nearly four; our plans had not been perfected, papers had not been completed, and after a hasty discussion, the time being very short, it was decided it was impossible for us to take the necessary steps, and we should request that the troops be not landed until next morning, the hour in the morning being immaterial, . . . but we must have further time to prevent bloodshed, and Mr. Thurston and I were appointed to proceed at once to the American minister and inform him of our decision. We proceeded at once to Mr. Stevens' house, the United States legation, stated the case to him, and he said that as a precautionary measure, and to protect American life and property, he had ordered the troops to be landed at 5 o'clock, and that they would come.30
Blount had charged that the troops were landed under a prearranged agreement to assist in overthrowing the queen. Thurston contended that they "were landed to protect American citizens and property in the event of the impending and inevitable conflict between the Queen and the citizens, and not to cooperate with the committee in carrying out its plans. In fact, the troops did not cooperate with the committee, and the committee had no more knowledge than did the Queen's Government where the troops were going nor what they were going to do."31 Stevens had been besieged by nervous Americans most of the day and had made up his mind about two in the afternoon, just before the mass meetings were
* Wiltse died in the late spring, a few weeks after leaving his command.
held, to land the troops. At that time he made his decision known to J. B. Atherton, a leading American businessman. At three o'clock Stevens went aboard the Boston to hand Wiltse a written request for troops to protect the United States consulate and legation and to secure the safety of American life and property. But Wiltse had already composed his own order, in accordance with standard navy procedure and Secretary of State Bayard's instructions to the American minister in 1887. In addition to Stevens' orders, the Boston's executive officer was instructed by Wiltse to "assist in preserving public order," but was adjured to remain neutral in any conflict, and to use great prudence in any action taken. Stevens returned ashore immediately to secure shelter for the troops who were without tents. The landing was to be as close to five o'clock as possible.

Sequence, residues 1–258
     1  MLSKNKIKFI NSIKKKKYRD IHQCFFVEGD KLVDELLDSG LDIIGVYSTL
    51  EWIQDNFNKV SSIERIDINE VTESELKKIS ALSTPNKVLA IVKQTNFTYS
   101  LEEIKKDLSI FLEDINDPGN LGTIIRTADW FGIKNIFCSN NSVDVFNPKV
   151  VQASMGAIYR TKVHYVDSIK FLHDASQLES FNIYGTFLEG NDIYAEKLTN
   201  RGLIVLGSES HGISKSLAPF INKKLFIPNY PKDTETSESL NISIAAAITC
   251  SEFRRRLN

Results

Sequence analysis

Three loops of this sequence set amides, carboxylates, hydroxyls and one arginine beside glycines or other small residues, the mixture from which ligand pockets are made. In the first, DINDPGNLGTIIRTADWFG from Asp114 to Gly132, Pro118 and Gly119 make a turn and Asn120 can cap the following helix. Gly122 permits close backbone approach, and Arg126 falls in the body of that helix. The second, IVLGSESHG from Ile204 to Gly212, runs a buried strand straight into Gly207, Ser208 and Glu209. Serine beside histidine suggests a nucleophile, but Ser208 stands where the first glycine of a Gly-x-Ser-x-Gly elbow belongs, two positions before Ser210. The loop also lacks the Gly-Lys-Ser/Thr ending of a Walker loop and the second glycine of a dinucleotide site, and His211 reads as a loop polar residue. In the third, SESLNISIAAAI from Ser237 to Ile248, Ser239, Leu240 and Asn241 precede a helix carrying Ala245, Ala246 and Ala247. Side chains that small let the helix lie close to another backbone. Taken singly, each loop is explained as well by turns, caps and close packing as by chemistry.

The men were given an early evening meal and Lieutenant Commander Swinburne landed his fully equipped 162-man force on schedule from four boats near the foot of Nuuanu Avenue and marched them up Fort Street to Merchant. A few of the marines were left at the consulate on Merchant Street and the others were sent to protect the legation at Nuuanu and School streets. The bluejackets were marched past the palace on King Street and halted short of Punchbowl Street across from Kawaiahao Church. After a short wait, and just before dark, they continued about six hundred yards along King Street to the large J. B. Atherton estate at King and Alapai. Not until nearly ten in the evening did Stevens secure accommodations and return the troops to Arion Hall, a small building alongside the government building, out of sight from the palace and separated from it by the Music Hall on King Street. * Stevens later denied that his choice of Arion Hall had any significance. It was, he said, the only place he could find on short notice. He had failed to get the old armory on the waterfront or the Music Hall itself.32
The reaction of the queen's supporters to the landing of the troops, if judged by their later statements, was made to appear one of surprise. At the time, however, they seemed to have expected the landing but to hope